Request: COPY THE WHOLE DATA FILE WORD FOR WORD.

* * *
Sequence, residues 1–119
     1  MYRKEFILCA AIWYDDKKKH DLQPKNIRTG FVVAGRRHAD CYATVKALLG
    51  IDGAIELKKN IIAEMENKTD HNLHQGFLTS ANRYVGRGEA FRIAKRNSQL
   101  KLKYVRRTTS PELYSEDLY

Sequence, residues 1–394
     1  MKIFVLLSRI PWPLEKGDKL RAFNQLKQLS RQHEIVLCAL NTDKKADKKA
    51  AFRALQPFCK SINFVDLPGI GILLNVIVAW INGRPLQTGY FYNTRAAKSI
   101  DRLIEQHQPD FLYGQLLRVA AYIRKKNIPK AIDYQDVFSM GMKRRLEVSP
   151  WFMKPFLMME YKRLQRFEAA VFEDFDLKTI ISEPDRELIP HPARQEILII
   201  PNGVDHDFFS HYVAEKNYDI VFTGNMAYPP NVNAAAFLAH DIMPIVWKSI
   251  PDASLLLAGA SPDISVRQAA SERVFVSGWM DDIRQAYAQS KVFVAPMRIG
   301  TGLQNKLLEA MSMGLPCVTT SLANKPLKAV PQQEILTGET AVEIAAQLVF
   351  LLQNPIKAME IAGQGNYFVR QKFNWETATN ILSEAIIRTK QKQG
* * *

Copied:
Sequence, residues 1–119
     1  MYRKEFILCA AIWYDDKKKH DLQPKNIRTG FVVAGRRHAD CYATVKALLG
    51  IDGAIELKKN IIAEMENKTD HNLHQGFLTS ANRYVGRGEA FRIAKRNSQL
   101  KLKYVRRTTS PELYSEDLY

Sequence, residues 1–394
     1  MKIFVLLSRI PWPLEKGDKL RAFNQLKQLS RQHEIVLCAL NTDKKADKKA
    51  AFRALQPFCK SINFVDLPGI GILLNVIVAW INGRPLQTGY FYNTRAAKSI
   101  DRLIEQHQPD FLYGQLLRVA AYIRKKNIPK AIDYQDVFSM GMKRRLEVSP
   151  WFMKPFLMME YKRLQRFEAA VFEDFDLKTI ISEPDRELIP HPARQEILII
   201  PNGVDHDFFS HYVAEKNYDI VFTGNMAYPP NVNAAAFLAH DIMPIVWKSI
   251  PDASLLLAGA SPDISVRQAA SERVFVSGWM DDIRQAYAQS KVFVAPMRIG
   301  TGLQNKLLEA MSMGLPCVTT SLANKPLKAV PQQEILTGET AVEIAAQLVF
   351  LLQNPIKAME IAGQGNYFVR QKFNWETATN ILSEAIIRTK QKQG